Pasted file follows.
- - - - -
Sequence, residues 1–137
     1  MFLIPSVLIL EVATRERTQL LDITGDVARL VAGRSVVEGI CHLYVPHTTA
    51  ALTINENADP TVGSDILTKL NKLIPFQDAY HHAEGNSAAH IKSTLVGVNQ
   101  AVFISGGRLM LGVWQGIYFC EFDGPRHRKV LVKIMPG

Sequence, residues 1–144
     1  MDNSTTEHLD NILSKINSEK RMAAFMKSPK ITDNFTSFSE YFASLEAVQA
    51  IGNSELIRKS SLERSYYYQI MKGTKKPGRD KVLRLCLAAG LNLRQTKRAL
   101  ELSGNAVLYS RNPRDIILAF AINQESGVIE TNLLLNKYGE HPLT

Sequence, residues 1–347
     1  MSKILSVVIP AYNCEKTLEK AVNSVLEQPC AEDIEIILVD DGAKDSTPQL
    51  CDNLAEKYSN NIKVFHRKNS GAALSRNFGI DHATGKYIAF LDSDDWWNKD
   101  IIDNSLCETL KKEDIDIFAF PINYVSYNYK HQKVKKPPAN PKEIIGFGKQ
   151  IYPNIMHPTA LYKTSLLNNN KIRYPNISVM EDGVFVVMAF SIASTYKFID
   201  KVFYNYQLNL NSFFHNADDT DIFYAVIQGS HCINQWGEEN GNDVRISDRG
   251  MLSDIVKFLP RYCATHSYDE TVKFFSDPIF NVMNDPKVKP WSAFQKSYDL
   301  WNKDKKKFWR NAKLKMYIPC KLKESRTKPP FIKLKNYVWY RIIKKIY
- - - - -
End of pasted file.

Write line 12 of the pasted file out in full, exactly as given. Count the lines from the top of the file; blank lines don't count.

   101  IIDNSLCETL KKEDIDIFAF PINYVSYNYK HQKVKKPPAN PKEIIGFGKQ